join me in a round of applause and that will let them know that it's time to move on. we like to do that here. we like to keep our proceedings moving quickly. let's finally preview how this audience of 3000 people here at roy thompson hall voted on tonight's resolution coming into the debate. in toronto, canada i'm curious here. be it resolved donald trump can make america great again. do you agree or disagree? let's see those numbers up on the screen. okay. [applause] 14%. 14% agree and 86% disagree. now, hey look you can change her mind. you will hear a lot in the next hour and a half. depending on what you hear are
6:34 am
you likely to change her vote over the next hour and a half. assessing those numbers now, please. okay, look at that. 46% of you could change your minds. 54% are decided. let's just see how the decided you are. we will begin with their opening statements now and by colin speaker gingrich. your six minutes begins now. >> first of all thank you all for coming out. i want to thank peter munk for creating a remarkable institution today was here a few years ago was secretary reich to debate economics and it was a great experience. it was one of the great debates in the entire north american cities so that delighted to have a chance to talk to you. you might about laura and i would be put on edge by an 86-14 vote but if you operate as a conservative and a washington news media that would be
6:35 am
reasonably good. so it does not particularly affect us. they also want to give a distinction. i would not have even come. the question had been resolved, the canadian should relax and not worry about the donald trump presidency. i think trump represents very real change. i think you will aggressively put america's interests first and i think frankly that has to raise issues because that's a very different frame of reference than the way we have negotiated over the last couple of generations and it sets up a lot of questions which aren't answered and can't be answered until we lived through it. what i would suggest to you is in the long run a very dynamic america that regains a reagan level of economic growth, four, five, 6% a year. in america that is generating jobs, generating rapidly advancing income and america in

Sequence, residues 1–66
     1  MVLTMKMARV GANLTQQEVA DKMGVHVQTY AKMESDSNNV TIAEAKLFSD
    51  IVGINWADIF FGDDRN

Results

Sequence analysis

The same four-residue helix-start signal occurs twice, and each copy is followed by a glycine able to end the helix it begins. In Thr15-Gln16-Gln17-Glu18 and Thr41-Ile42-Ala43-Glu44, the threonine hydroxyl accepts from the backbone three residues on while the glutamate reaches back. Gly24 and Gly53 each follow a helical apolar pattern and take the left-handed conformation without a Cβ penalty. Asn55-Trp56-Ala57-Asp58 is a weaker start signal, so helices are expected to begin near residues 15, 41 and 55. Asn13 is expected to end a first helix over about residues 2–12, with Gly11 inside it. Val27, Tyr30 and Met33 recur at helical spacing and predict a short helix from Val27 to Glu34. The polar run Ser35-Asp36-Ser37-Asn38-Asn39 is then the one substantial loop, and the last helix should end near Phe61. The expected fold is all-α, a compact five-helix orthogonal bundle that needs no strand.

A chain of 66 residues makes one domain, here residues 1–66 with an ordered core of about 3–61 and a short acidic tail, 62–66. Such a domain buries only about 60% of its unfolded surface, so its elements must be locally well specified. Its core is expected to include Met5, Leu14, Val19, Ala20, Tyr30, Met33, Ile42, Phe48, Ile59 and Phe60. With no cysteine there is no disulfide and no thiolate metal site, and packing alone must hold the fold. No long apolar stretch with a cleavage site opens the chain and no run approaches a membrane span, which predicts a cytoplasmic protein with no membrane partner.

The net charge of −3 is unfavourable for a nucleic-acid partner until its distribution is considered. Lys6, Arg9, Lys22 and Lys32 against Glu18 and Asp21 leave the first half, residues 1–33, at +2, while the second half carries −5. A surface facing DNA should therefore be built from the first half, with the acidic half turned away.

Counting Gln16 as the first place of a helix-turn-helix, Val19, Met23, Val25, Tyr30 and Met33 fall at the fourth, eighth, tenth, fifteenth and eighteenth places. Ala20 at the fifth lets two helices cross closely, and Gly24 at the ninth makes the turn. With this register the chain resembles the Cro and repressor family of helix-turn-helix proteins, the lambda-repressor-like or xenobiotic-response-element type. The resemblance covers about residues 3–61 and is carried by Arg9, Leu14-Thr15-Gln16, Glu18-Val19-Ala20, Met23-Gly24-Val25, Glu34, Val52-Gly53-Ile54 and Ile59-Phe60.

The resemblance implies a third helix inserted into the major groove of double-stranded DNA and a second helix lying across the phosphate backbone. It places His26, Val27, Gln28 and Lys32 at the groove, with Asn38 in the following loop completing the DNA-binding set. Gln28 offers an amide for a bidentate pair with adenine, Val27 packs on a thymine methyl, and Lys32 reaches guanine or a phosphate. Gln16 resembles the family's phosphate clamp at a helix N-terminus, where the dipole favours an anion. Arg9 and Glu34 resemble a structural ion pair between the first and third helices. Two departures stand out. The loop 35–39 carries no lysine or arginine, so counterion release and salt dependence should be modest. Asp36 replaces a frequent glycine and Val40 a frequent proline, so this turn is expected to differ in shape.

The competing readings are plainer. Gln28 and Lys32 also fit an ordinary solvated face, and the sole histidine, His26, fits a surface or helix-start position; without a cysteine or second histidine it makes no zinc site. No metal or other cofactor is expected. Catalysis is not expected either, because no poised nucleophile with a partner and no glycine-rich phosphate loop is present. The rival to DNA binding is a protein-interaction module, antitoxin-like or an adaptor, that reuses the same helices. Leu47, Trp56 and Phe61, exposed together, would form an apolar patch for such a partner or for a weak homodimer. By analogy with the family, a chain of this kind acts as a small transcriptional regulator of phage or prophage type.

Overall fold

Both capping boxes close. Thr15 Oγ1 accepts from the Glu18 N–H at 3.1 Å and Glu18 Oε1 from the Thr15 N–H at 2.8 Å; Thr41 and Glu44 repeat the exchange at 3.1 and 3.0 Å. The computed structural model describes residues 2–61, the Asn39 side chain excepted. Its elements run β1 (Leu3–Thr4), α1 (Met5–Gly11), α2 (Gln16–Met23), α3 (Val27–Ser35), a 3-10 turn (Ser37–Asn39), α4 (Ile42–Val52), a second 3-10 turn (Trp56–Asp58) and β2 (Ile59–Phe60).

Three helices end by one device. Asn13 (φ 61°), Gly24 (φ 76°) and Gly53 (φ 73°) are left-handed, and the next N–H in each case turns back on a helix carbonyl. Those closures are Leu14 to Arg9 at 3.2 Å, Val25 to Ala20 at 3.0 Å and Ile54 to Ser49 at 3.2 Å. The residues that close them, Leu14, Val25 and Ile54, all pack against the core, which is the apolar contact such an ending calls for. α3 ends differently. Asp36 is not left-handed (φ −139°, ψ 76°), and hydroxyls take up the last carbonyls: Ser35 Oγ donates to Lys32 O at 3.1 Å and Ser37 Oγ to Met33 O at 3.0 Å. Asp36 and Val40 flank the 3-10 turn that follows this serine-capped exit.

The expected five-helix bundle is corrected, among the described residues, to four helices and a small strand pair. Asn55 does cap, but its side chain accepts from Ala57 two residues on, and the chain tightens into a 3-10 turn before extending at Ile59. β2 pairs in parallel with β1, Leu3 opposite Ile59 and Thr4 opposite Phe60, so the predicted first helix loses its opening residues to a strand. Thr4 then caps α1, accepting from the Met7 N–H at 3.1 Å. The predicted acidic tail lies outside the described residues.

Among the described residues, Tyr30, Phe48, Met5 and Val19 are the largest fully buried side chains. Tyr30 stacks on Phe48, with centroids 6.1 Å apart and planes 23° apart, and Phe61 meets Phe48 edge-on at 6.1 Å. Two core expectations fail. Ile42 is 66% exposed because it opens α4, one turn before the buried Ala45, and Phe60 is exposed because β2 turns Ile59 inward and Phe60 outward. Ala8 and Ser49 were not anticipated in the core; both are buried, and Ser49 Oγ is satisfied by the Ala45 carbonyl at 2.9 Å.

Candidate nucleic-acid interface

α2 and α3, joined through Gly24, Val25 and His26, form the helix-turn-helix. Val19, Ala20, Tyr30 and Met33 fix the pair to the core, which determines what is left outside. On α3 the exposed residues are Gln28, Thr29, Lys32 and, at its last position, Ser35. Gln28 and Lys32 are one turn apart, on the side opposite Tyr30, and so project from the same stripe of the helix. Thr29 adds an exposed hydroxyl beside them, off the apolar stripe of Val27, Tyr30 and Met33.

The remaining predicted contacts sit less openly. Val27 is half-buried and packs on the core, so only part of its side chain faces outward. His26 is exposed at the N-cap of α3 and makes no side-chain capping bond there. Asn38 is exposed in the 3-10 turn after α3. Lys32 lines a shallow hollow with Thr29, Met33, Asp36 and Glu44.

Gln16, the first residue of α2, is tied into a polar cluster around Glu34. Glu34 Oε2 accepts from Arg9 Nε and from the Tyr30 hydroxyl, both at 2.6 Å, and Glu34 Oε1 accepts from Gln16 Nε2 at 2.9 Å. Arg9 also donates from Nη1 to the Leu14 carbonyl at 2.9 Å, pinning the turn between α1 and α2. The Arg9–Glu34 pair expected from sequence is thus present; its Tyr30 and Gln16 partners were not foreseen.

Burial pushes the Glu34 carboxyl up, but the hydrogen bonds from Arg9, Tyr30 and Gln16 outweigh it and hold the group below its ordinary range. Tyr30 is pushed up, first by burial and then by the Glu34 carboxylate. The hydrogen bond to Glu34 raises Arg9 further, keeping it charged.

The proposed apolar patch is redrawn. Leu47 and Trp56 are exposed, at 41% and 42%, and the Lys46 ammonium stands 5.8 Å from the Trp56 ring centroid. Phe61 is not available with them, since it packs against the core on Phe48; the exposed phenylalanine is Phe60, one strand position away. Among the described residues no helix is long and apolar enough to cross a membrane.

6:36 am
which overhauls its infrastructure in america which reforms the civil service which is in fact a better neighbor, a better customer, a better market to sell into that better support for national security than an america which continues to decay. i think part of what you don't feel in canada is the degree to which the american central government system is decaying. for example we learned last week that the veterans administration , one third of the cause of suicide lights go to call waiting so you can leave a message. just think about that. you are veteran and you are depressed. you are literally thinking about suicide. it's 2:00 in the morning. you call a number you were told will help you in one out of three times you get a tape recording. this is a government level of incompetence that is beyond breathtaking and you see it again and again in our system.
6:37 am
the liquor of the structure we are now $19 trillion in debt and in large part due to the the infrastructure does not work. it has to be a profound overhaul to compete in the world market. the director of national intelligence reported, staff reporter earlier this year that the chinese last year stole $360 billion in intellectual property in the united states. we have an 800 billion-dollar. deficit. you can't sustain it and you also can talk about free trade when your largest trading partner or your second-largest trading partner is feeling a third of a trillion dollars a year in intellectual properties. and so the requirements that we think finally the whole issue of the war in the middle east. it has been 37 years since the ayatollah khamenei illegally seized the american embassy beginning iran's campaign against the united states.
6:38 am
it has been 15 years since 9/11 when islamic supremacists killed 3000 people in the united states. we are not winning. we have spent trillions of dollars, lost thousands of young men and women, had tens of thousands of severe ones and no serious person can argue that we are winning. when trump says we need to rethink this i would argue that he is not a lib and he is not a harbor -- harvard trained lawyer but as a crude rough-and-tumble businessman that has a habit of actually building things and making them work and projects he has the entrepreneurial drive and i think he has the courage and i think he has the originality that will enable us